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Old 10-18-2006, 02:24 AM   #161
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Much of Kinsey's work has been discredited. The 10% figure is considered to be on the high end of estimates, with the more likely figure being around 2-3%:

'In the last three elections, the Voter News Service exit poll registered the gay vote between 4 percent and 5 percent. While concluding that the Census 2000 undercounted the total number of gay or lesbian households, for the purposes of this study, we estimate the gay and lesbian population at 5 percent of the total U.S. population over 18 years of age, (209,128,094). This results in an estimated total gay and lesbian population of 10,456,405. A recent study of gay and lesbian voting habits conducted by Harris Interactive determined that 30 percent of gay and lesbian people are living in a committed relationship in the same residence. Using that figure, we suggest that 3,136,921 gay or lesbian people are living in the United States in committed relationships in the same residence. '4

So, if we accept that the data presented by the Human Rights Commission is indeed indicative of the real numbers, then it shows that the census data is only showing up a small percentage of the actual number of gay people living in America. Until, however, a nationwide survey is done, asking questions on sexual attitudes and behaviour, then we can only use data and analyses, such as the ones above, to work out an answer to the question of gay people living in America.

source:http://www.avert.org/hsexu1.htm

As to the question of marriage, no. Don't see a reason. There are other legal means by which homosexuals can cohabitate and transfer property to each other. Marriage, as ED has pointed out, is by definition a union between man and woman.
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Old 10-18-2006, 09:00 AM   #162
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Just like slaves, by definition, were only 3/5 of a human being?



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Old 10-18-2006, 04:08 PM   #163
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Geez, ET, then don't forget about how the Nazis didn't include Jews, slavs, blacks and others as being not even human. Nor how liberals are quick to deny humans any rights till the doctor has removed them COMPLETELY from their mothers' wombs. But seeing as how homosexuals are not treated as other than human (at least under US law), it's hard to make the argument you seem to be insinuating. Much of law is merely a high powered game of semantics. Gay people here (and no doubt in many western countries) tend to be in a higher income bracket and as such can generate market forces to cater to their needs (eg, insurance etc..). As it stands, there is little or nothing that stops gay people from cohabitating or leaving thier money to each other in case of death. Maybe they can't leave their SS to each other, but I'm guessing that can be tacked on as a rider to some bill. Politicians like to be sneaky that way.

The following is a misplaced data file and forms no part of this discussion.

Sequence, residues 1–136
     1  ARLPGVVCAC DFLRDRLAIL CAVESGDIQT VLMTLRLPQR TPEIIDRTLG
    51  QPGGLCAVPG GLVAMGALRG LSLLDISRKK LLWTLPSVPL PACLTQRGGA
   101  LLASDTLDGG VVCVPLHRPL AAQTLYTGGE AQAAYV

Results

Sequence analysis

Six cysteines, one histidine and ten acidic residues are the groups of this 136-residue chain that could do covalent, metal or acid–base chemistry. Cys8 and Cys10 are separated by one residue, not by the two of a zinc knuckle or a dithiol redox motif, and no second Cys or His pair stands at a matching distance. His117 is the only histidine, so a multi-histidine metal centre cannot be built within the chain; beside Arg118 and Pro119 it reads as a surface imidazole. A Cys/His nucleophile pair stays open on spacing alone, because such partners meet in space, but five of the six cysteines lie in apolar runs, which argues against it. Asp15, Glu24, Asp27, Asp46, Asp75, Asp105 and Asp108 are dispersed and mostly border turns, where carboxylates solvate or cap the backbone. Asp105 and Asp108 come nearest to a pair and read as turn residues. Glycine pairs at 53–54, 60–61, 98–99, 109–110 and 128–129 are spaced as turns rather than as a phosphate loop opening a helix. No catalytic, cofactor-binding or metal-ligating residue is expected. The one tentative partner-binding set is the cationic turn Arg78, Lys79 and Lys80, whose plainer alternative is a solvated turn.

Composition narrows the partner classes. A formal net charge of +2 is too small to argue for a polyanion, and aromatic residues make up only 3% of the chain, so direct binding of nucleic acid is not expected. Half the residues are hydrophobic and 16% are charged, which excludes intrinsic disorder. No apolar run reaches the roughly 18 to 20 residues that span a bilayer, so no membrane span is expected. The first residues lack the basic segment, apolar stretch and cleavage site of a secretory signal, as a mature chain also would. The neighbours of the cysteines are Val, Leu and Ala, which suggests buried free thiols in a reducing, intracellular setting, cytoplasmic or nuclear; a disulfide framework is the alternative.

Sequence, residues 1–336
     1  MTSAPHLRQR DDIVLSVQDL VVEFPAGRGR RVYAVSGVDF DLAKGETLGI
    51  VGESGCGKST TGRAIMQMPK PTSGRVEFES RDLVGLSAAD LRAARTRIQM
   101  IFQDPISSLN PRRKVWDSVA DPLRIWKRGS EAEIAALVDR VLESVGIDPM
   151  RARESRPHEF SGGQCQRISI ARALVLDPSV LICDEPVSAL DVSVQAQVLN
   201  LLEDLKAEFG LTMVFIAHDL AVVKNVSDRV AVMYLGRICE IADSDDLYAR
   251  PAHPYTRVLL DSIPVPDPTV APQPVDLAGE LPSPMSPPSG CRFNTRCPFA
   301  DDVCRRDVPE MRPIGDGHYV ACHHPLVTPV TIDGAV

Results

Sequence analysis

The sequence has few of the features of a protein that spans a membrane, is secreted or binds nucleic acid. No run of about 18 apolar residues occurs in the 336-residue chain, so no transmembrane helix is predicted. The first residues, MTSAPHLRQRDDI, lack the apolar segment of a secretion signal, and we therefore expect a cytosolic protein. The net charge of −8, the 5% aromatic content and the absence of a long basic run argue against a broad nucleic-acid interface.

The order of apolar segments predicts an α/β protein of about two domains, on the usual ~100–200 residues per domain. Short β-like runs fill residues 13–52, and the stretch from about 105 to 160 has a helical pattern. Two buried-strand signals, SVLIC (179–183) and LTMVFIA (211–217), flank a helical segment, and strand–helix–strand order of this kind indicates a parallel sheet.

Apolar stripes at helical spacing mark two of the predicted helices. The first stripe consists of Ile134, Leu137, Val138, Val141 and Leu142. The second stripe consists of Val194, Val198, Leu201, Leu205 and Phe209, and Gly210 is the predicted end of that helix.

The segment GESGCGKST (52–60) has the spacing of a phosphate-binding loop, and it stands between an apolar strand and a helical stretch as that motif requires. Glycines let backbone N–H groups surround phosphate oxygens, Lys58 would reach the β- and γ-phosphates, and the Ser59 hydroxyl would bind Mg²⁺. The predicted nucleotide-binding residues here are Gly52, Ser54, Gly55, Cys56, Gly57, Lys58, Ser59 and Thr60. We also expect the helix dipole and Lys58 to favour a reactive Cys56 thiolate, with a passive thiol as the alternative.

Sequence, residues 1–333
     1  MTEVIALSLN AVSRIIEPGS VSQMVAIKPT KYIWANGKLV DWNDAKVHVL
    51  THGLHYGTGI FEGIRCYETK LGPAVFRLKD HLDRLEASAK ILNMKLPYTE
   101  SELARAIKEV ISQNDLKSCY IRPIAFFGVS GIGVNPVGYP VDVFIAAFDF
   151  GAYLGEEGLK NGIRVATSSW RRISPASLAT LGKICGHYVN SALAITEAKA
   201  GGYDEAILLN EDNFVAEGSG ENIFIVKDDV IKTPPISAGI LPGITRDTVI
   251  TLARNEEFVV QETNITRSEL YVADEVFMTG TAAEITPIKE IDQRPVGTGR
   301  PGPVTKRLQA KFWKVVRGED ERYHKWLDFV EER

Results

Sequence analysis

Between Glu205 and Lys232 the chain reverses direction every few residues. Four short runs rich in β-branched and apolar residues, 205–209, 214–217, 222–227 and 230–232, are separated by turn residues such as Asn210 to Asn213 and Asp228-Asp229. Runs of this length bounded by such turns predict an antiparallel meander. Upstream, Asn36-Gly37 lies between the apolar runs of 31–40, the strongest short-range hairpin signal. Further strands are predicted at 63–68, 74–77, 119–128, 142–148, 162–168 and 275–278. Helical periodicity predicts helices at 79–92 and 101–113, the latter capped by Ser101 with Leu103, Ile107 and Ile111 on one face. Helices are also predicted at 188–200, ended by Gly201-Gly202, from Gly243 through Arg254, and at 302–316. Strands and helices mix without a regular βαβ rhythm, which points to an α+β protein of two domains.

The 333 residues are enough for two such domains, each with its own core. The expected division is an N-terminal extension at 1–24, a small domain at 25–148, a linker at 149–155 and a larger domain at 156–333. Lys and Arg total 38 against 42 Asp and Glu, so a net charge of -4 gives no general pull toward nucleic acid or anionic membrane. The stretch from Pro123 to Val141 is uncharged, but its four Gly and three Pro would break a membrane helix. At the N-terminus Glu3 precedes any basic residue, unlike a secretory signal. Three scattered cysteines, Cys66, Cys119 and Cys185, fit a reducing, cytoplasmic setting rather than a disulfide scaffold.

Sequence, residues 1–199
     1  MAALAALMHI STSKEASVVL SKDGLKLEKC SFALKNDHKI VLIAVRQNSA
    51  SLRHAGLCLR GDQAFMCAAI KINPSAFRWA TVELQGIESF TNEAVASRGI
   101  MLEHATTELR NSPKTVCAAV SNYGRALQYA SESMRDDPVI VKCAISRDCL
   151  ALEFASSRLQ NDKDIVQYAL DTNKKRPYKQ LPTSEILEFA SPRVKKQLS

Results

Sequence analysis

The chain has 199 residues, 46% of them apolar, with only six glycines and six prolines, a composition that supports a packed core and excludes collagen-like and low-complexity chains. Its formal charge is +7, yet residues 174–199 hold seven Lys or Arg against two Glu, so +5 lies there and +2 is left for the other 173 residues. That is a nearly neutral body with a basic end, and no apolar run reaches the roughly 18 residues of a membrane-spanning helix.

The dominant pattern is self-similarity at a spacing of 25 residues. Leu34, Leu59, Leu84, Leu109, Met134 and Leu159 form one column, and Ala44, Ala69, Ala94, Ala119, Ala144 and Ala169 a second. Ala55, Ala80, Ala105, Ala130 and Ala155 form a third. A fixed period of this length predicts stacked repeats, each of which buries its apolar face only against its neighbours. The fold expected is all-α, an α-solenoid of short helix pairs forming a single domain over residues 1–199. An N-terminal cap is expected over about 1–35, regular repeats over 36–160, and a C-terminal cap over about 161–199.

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Old 10-19-2006, 12:57 AM   #164
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As it stands, there is little or nothing that stops gay people from cohabitating or leaving thier money to each other in case of death. Maybe they can't leave their SS to each other, but I'm guessing that can be tacked on as a rider to some bill. Politicians like to be sneaky that way.
I still fail to see a logical, reasoned argument against same-sex marriage. They're adults. They're consenting. They present no harm to others that can be measurably noted. The only excuse to disallow same-sex marriage is religious superstition -and such an excuse is not a reasoned one.


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Old 10-19-2006, 02:44 AM   #165
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Well, most people don't see a logical, reasoned need for gay people to be married. Frankly, the main reason for marriage in the first place was mainly to provide a stable setting for the raising of children by a mother and father. If you want to take the attitude that infertile couples should not be allowed to marry either, makes no dif to me. I'm not saying homosexuals should be legally prevented from doing whatever they do behind closed doors as consenting adults, just that there's no demonstrable need for gay marriage. They can call it a union as ED suggested earlier and other legal provisions (much like private corps are doing even now) can be made for their financial needs, as it were.
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Old 10-19-2006, 06:52 AM   #166
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Well, most people don't see a logical, reasoned need for gay people to be married.
Nonsense. In fact, SkinWalker just listed them, and to shorten it down: "It does no harm to them or others, so what's the problem"?

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Frankly, the main reason for marriage in the first place was mainly to provide a stable setting for the raising of children by a mother and father.